North Dakota March 17, 2018
8 Foolproof Ways To Spot An Imposter In North Dakota
North Dakotans have certain habits and ways about them that when someone not from the state comes through, it can be kind of easy to figure it out even if they don’t say so. Here are some tell-tale signs that you might have an imposter on your hands that isn’t truly from the Peace Garden State even if they say they are:
1. They think it's cold when it's in the 40s.
Pft, 40s? That's shorts weather. REAL cold is when the morning greets you with a sun dog, it's below zero, and it's cold enough that it takes a couple of tries to get your car to start. If someone starts to layer up and mention the chill when we've still got double digits on the thermometer and they aren't negative, they are probably an imposter.
2. They pronounce things like Minot wrong.
For some reason, people automatically like the assume that Minot needs to be pronounced in a French way when you just say it like you see it. As always, we can refer back to "why not Minot?" Anyone who says Min-oh is definitely not from North Dakota.
3. They don't know what lefse or knoephla is.
These two and other Scandinavian or German dishes are widely-known dishes in North Dakota. If they don't know what they are, it's highly unlikely they were born and raised in this state. And they are tragically missing out!
4. They find it weird to see little houses and trucks out on a frozen lake in the winter.
If they don't know what ice fishing is and seems shocked that someone would have a huge truck out on the ice, they definitely aren't from the Peace Garden State. Ice fishing is a huge part of living here for many and is a pretty widely accepted thing.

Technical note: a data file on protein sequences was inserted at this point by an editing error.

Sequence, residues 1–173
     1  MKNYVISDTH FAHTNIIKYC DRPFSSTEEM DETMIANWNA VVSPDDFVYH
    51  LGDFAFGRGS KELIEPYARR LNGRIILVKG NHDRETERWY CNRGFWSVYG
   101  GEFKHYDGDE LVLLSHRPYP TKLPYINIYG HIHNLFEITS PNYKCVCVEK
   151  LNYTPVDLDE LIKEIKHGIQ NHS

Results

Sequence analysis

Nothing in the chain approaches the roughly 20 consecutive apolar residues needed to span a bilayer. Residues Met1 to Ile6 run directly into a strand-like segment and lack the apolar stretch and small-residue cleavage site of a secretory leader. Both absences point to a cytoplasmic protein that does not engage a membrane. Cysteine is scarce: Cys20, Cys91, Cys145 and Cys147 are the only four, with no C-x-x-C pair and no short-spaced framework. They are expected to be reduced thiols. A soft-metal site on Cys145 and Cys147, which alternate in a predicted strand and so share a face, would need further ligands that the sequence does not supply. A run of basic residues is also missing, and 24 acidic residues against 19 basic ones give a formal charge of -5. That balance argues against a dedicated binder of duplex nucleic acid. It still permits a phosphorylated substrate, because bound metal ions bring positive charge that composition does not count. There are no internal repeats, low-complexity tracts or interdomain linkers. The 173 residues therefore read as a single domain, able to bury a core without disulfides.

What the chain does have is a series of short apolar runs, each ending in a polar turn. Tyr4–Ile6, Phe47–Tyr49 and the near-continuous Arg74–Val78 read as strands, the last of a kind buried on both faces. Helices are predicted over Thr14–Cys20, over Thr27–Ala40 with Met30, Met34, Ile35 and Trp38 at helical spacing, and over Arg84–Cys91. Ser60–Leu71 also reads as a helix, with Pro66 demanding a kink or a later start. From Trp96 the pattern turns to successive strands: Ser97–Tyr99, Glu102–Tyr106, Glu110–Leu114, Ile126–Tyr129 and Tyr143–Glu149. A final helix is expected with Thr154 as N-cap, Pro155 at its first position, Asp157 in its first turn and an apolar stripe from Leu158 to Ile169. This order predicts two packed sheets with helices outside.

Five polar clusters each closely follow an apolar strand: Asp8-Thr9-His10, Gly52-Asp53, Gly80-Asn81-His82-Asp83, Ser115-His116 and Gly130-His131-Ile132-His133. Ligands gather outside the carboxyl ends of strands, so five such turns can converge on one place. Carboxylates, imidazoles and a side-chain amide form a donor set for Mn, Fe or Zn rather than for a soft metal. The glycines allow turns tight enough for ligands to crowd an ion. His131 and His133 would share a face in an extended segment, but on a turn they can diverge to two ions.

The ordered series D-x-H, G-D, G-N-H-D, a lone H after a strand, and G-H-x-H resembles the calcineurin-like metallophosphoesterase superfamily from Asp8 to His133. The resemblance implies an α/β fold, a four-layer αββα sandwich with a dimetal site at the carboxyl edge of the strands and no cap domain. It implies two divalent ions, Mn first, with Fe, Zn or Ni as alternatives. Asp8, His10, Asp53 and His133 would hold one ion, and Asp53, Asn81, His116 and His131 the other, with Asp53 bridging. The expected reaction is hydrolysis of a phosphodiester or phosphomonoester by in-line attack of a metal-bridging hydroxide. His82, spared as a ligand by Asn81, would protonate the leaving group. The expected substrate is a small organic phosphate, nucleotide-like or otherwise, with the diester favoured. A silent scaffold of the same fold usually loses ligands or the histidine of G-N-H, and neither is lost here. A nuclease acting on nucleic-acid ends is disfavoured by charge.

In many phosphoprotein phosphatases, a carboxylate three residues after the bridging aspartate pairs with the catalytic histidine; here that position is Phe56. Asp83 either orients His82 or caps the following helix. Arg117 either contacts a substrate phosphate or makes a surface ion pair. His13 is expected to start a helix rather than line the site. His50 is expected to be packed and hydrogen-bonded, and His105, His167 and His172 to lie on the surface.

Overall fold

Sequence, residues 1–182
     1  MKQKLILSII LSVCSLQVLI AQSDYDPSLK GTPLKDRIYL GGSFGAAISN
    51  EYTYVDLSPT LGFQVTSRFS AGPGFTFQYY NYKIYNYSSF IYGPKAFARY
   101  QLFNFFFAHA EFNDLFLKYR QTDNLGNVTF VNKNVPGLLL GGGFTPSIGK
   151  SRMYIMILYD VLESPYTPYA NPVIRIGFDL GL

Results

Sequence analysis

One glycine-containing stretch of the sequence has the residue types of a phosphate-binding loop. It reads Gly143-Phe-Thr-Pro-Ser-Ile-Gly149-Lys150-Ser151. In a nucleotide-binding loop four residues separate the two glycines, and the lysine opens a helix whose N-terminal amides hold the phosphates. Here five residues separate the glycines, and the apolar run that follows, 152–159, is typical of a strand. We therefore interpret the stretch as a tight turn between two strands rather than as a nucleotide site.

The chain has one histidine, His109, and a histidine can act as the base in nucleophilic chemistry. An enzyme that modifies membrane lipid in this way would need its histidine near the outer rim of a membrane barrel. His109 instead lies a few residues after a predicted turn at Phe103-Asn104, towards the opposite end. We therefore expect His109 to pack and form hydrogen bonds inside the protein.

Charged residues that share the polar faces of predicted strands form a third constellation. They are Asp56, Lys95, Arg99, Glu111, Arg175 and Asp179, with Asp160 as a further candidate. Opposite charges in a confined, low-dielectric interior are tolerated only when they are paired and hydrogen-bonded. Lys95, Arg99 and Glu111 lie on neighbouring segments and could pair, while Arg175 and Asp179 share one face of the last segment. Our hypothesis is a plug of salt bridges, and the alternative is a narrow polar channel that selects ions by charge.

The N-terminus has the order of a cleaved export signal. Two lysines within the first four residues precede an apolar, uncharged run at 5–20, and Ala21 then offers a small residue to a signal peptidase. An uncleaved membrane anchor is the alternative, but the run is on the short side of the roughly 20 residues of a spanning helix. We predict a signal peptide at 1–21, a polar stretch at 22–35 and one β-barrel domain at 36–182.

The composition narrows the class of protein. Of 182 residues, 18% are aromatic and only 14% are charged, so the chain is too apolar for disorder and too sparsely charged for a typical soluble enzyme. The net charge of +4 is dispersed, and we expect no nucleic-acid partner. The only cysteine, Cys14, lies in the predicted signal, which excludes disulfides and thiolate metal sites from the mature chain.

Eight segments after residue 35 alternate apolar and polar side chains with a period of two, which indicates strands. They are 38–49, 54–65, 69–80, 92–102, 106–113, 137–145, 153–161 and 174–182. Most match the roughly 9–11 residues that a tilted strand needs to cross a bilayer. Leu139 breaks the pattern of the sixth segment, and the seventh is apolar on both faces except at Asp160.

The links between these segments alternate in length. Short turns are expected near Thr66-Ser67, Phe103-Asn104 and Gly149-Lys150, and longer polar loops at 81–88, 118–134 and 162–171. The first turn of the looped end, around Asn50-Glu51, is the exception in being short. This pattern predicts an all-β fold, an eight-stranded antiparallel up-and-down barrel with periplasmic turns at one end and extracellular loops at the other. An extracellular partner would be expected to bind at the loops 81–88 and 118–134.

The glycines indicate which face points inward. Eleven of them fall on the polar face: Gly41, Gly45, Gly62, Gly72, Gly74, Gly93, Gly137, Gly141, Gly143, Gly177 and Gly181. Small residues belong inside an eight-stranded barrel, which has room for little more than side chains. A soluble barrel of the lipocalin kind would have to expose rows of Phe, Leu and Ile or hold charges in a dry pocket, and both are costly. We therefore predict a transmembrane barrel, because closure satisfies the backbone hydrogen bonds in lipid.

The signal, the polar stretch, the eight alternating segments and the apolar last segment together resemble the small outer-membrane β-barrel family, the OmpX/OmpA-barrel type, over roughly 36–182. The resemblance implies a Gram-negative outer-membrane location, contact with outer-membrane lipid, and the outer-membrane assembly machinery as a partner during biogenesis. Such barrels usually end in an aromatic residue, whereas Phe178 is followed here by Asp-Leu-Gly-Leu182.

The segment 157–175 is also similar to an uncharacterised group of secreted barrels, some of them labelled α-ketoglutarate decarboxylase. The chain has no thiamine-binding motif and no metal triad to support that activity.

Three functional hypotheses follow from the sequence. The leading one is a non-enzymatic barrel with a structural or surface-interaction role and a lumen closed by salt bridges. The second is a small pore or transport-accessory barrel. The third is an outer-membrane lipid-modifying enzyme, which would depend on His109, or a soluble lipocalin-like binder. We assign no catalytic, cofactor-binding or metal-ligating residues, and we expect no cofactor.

5. They think cities with populations of 20,000 are "small towns."
Maybe that's true in heavily populated states, but 20,000 residents is a pretty decently sized city in North Dakota. In fact, only the top 8 cities have over that amount, everything else has less. Small towns here are usually towns with populations of 2,000 or even less. It's not uncommon to come across towns with barely even 100 residents, let alone a few thousand.
6. They call it soda instead of pop.
Nope, it's not soda. Soda is baking soda, pop is the beverage. And if they say coke and don't specifically mean Coca-cola but instead all types of pop, then you know you've got someone coming from pretty far away!
7. Or they call it casserole instead of hotdish.
Casserole? No, it's a hot dish and we all know that here. Tator tot hotdish is definitely one of the most well-known and a staple to any North Dakotan potluck, and we certainly don't call it a tator tot casserole... no way!
8. They seem surprised that work and school go on even during blizzard conditions.
Perhaps in other states, they close down entire cities after a few flakes of snow, but North Dakota tends to go on no matter how many inches accumulate on the ground. Even while Minnesota and South Dakota all call school, North Dakotans know there's a slim chance there will even be an hour delay here.
What other ways can you usually tell if someone in North Dakota isn’t actually from here? They probably also don’t have
these weird North Dakotan habits only we can say we have — that’s a pretty good way to tell!